Metamorphics and Gold (Part 1)
(Intense heat and pressure are instrumental in rock "morphology.")
Essentially, metamorphic rocks are rocks that have undergone a tremendous amount of change or alteration over time. Most metamorphics were formed during the Archean and Tertiary Epochs or Periods. Many of you are already familiar with the Tertiary Period (65 million-1.8 million years ago) and its significant relationship to gold, including those "ancient rivers of gold" known as Tertiary Channels that famed geologist Waldemar Lindgren spent much of his professional life studying and writing about. I'm no expert by any stretch, but I have a solid foundation of knowledge when it comes to metaphorphic rocks, the Tertiary Period, and their combined relationship to gold mineralization and genesis. On the other hand, I know very little about the Archean Epoch which goes so far back in time (2,500 million years ago) that it makes the Tertiary Period look like a VERY "new kid on the block."
What you need to know about both periods or epochs when it comes to gold though, is not their relative age, but their dynamics in terms of intrusive chemical solutions, heat, pressure, and finally...the three main rock types they ultimately transformed or "morphed:"
Sedimentary rocks are typically formed when sand, mud, or even silt are deposited as layers (usually by water or sometimes by the wind) on the earth's surface. We refer to sedimentaries more commonly as sandstone or mudstone and they're found in many different locations throughout the known world. One of the real identifiers of sedimentary rocks is their capacity for capturing or entrapping fossils, which is why sedimentaries are frequently associated with ancient rivers, swamps, lakes, or oceans.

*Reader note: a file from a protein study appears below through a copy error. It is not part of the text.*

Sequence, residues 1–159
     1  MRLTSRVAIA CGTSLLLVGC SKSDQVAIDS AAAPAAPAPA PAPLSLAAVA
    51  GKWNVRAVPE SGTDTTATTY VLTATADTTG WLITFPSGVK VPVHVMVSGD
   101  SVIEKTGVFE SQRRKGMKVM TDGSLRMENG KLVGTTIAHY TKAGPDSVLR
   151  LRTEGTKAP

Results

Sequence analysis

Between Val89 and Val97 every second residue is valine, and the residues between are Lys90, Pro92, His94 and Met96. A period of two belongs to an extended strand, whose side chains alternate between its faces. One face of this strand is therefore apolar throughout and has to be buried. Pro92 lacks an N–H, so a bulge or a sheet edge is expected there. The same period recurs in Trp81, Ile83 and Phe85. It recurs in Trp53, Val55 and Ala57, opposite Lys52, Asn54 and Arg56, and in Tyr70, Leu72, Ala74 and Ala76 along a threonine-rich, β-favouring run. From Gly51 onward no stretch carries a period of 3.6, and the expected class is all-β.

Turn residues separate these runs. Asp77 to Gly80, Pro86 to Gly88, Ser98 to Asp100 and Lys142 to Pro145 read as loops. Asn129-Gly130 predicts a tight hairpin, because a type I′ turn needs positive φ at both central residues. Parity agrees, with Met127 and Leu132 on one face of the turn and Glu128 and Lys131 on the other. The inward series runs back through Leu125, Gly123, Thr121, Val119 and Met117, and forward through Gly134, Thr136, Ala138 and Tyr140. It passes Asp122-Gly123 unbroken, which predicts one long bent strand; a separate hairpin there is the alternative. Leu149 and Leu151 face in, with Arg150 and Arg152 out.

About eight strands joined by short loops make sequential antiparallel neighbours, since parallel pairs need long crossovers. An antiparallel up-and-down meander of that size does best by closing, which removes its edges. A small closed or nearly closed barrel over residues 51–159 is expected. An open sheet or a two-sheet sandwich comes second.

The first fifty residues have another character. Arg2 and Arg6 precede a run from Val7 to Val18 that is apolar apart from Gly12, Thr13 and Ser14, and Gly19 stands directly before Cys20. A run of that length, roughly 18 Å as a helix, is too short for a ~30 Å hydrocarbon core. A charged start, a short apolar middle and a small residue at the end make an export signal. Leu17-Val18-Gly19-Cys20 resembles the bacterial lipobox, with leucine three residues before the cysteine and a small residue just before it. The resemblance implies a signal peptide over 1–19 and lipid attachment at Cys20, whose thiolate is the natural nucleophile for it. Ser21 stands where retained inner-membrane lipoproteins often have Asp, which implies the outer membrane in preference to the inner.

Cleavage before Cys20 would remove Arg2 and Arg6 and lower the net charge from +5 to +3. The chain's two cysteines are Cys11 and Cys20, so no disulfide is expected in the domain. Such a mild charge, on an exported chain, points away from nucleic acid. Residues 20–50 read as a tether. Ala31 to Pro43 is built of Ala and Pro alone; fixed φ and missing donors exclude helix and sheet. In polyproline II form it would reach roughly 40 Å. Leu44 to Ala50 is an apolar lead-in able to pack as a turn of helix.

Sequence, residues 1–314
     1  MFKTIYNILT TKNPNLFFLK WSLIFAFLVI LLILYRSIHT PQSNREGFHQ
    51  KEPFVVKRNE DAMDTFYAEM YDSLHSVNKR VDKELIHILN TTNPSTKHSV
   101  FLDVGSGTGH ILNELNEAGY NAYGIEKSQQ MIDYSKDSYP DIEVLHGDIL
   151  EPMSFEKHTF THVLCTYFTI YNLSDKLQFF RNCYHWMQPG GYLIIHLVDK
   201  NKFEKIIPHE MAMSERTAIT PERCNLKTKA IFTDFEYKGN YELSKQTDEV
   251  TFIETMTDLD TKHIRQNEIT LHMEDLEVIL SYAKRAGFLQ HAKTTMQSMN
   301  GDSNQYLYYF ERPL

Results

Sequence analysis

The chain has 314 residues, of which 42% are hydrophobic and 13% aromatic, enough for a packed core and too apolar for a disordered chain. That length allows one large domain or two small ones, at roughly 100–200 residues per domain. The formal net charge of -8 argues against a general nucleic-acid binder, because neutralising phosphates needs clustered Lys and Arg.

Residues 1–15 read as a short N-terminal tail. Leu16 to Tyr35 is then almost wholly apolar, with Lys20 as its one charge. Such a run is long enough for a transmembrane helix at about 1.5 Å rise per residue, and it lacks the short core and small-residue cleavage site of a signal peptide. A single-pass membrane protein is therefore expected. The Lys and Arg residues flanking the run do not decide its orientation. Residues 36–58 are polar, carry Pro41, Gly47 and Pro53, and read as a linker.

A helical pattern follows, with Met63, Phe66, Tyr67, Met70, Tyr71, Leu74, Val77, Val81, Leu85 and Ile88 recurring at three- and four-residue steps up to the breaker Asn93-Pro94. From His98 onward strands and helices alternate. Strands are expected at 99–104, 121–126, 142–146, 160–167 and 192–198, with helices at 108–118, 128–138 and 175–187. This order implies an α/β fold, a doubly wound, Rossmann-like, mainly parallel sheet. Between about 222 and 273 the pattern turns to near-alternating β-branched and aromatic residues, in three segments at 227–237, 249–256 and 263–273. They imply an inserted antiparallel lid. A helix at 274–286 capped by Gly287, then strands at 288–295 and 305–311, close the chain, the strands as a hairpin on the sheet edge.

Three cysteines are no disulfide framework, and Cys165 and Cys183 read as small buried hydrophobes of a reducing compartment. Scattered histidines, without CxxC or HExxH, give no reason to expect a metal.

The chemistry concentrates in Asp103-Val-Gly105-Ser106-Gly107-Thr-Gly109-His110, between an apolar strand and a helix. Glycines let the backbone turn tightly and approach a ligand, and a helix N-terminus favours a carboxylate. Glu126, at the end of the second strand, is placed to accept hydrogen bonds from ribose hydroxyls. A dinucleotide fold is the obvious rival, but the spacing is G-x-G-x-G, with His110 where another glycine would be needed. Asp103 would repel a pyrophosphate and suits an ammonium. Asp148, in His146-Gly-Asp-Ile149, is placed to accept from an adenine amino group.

(Sedimentaries in Arizona's Grand Canyon.)
From a strictly gold genesis or mineralization standpoint I wouldn't give a plug nickel for a ton of sedimentary rock. No way, no how. Although I've read of isolated instances where sedimentaries contained a bit of gold, I wouldn't waste one iota of time trying to prospect them, nor should you (unless your true intent is recovering fossils and not gold). Burn this tip deep into your gold-fevered brain: "Forget sedimentaries!" That is, unless those very same sedimentaries were transformed into metamorphic rocks during the Archean or Tertiary Epochs.
Igneous rocks are invariably formed underground from volcanic activity and emerge on or near the earth's surface as lava or magma. Igneous rocks typically have a high silica content. Once again from a gold-production standpoint, I wouldn't cash in the house, cars, or your 401k to rush out and buy a stockpile of igneous rock thinking you're gonna "hit the big one." Moreover, I can't tell you how many times I've had people (usually the greenhorn element) ask me about volcanoes and lava and their relationship to gold. When I reply that there's very little in the way of a DIRECT relationship between volcanoes, lava, and gold, some of these folks get miffed or think I'm blowing smoke up their butts. I'm not...honestly. You see, without some sort of metamorphic process taking place in and with those very same igneous rocks, you're wasting valuable mining time trying to pan for gold in Hawaii. Get the picture?
(Igneous or "fire" rock is typified by magma or lava.)
OK, I admit this can get a bit confusing here. I've already established that sedimentaries and igneous rocks can be transformed into one form of metamorphic rock or another, but now I'm going to tell you that some existing metamorphics can be "morphed" again and changed into something else given enough time and with the necessary physical or geological forces in play. Metamorphics into metamorphics...quite a concept isn't it?
("Blue" schist is a common form of metamorphic rock.)
You see brothers and sisters, it's all about change...sometimes significant change. Nothing stays the same forever, not the skies above us nor the earth beneath our weary feet.
There's more to come, so stay tuned.
(c) Jim Rocha (J.R.) 2014
Questions? E-mail me at firstname.lastname@example.org